Mad Scientist Takes on Eco Dyeing

by Mary Boalt
Twice a year I meet with a small group of sewing buddies. Two of the women had just completed a course with India Flint, the queen of Eco dyeing. Their enthusiasm for this technique proved to be contagious and I caught the bug while my husband was away on business. Having the day completely to myself, I decided this dyeing experiment just had to be done right then, that first morning, while still in my robe and pajamas.

After reading a few articles on Pinterest, I knew I only had a hazy idea of the process but was positive I could scrounge up enough materials to begin. One ivory silk shirt from a thrift store, washed, dried, and taken apart. Check. One 3″ deep frying pan that had blown some rivets. (I wouldn’t be using that for food ever again.) Check. Some rusty things because I had heard one must add rusty things. Check. A variety of leaves from my yard and the neighbors. Check. It was autumn and my neighbor had a beautiful red leafed tree ablaze. I had to have some of those. Pyracantha berries, some frozen blueberries, some cedar sprigs. Check. Check. Check. Then I read that avocado pits and camellia blossoms would turn the dye vat a pinkish color. I couldn’t believe I had an avocado pit in my compost bucket under the sink. Check. And my camellia tree was in full bloom. Check. What luck! I ventured into the front yard, struggling through the bushes in my bright pink bathrobe and slippers, ripping blossoms off my beautiful camellia tree, verifying to my neighbors that I am, indeed, a crazy woman. With my witches’ brew brewing, adding eye of newt and wing of bat, I started to get excited. I placed my vinegar-soaked leaves on the sleeves and front sections of the shirt, wrapped them around empty beer bottles, and tied them up with string.image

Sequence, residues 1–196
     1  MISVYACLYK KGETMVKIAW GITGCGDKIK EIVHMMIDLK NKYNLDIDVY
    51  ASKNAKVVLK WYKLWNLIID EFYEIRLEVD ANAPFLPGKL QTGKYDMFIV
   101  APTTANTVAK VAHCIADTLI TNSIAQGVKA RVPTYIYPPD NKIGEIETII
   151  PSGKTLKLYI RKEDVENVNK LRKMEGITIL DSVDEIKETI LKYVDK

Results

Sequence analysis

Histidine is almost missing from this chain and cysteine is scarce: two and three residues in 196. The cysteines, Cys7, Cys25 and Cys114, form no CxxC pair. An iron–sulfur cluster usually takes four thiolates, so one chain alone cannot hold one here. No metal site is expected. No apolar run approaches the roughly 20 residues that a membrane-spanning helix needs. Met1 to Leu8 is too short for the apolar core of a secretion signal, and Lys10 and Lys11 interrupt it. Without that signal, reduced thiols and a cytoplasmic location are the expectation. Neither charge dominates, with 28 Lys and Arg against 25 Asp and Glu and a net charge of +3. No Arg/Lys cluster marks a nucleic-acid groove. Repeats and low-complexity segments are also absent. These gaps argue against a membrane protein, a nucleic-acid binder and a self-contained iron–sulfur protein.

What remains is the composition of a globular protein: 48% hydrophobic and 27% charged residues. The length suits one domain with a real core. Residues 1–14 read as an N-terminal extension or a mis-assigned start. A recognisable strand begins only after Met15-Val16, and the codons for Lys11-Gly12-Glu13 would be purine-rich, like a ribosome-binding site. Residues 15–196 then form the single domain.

Into the pan they went for a few hours. Some for a day. Another for longer. I had no clue what I was doing but I was having fun with my newly adopted “what do I have to lose?” attitude. Had I turned into a mad scientist? When they were cool, I unwrapped them to see what glorious designs I had produced. Would they be as good as my friends who were dyeing onto cashmere? I wouldn’t have thought so, but I was pleasantly surprised and therefore wanted all this experimentation to count for something. I didn’t need another unfinished project shoved into a drawer.imageimage

So I cut and sewed the undyed back piece together with the dyed pieces to make a long rectangle. Then with a sashiko pattern of meandering oak leaves, I had just the hand-stitched look I wanted to complete my scarf.imageimage

Will I do this again? Probably. What did I learn? I learned that if I’m not attached to the outcome of an experiment, I just might be rewarded. Check!image

As promised in the Zephyr Retreat announcement, I am including some pictures of another application for the Steam-A-Seam technique. These darling purses were adapted from Diane Ericson’s Pacific Purse Collection.

In the meantime, try something brave this week. You might be on the verge  of a great piece of fiber art!

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